As the Headlines Trace the Collapse of the Housing Bubble, Schools Face a Different Disaster
Did you all catch the piece in the Times this morning about the squeeze schools face with NCLB? www.nytimes.com/2008/10/13/education/13child.html Basically, schools made a deal with NCLB, promising slow progress for a few years, then rapid improvement in testing scores later one. But there are three problems with that devil’s bargin: 1) we have reached "later on" and the schools have no chance of making the, say, 11% improvement they have promised. According to one expert, every elementary school in California will fail to meet its goals in a few years. 2) The whole goal system is flawed because progress is determined by standards that vary by state. So in easy-test-states some schools will meet their standards, and not educate their kids, while hard-test states will fail to meet standards, while actually doing more to challenge and educate students. 3) Turns out the schools made this deal to rapidly increase their scores based on the assumption that the rules would change in 2007 when NCLB came up for renewal. NCLB may well change, but Washington is busy with other bubbles, and so nothing has happened yet.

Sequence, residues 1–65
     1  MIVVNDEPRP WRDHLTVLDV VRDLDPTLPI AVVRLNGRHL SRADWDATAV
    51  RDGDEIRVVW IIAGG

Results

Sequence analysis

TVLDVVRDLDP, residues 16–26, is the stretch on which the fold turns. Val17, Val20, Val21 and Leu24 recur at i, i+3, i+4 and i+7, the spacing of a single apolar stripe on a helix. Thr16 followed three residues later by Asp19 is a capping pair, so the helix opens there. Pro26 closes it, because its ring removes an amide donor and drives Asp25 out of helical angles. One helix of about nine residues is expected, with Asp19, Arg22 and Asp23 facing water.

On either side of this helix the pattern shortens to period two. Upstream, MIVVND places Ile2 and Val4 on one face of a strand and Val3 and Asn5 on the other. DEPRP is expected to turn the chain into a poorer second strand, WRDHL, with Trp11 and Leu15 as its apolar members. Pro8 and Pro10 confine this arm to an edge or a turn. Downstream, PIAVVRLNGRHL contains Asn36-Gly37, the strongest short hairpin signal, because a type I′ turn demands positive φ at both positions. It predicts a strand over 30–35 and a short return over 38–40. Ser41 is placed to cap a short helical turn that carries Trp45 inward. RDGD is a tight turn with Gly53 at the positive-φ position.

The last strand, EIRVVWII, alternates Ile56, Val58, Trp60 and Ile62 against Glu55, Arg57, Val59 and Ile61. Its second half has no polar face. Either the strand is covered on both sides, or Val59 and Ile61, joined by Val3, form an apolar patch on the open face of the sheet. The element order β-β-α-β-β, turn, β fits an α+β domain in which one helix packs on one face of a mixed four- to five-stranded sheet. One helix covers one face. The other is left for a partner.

Surely you don’t need me to point out the problems with NCLB. But having just been at a terrific public school in Urbana, IL (albeit a magnet school in a university town), I see what public education can be. And the contrast between the engaged thinking the 8th graders were encouraged to do at University High, and the labored effort to meet reading and math proficiency goals, could not be greater. An administrator at Uni High told me he had recently read a study that said the amount of difference schools can make is limited — because the challenges kids and their families face are often so much greater than any great teaching can address. If we leave private school entirely out of the equation, it still seems to me there are at least two, and maybe 100 (two times the states) different kinds of schools in America. Those which are fighting the arcana of legislation and the challenges of language, poverty, health, and those in which young people are thinking at the level of college students.
So, writers and and editors, what does this split in even our public schools mean to us? I suggest it means there really are two distinct school communities for nonfiction, and that when we create, edit, publish, and review nonfiction we need to be clear about that. Challenging nonfiction should not be judged by the standards of laboring students, and carefully lexiled nonfiction should not be judged by the capacities of magnet schools. When we blur what we mean by "students" we may well lose twice.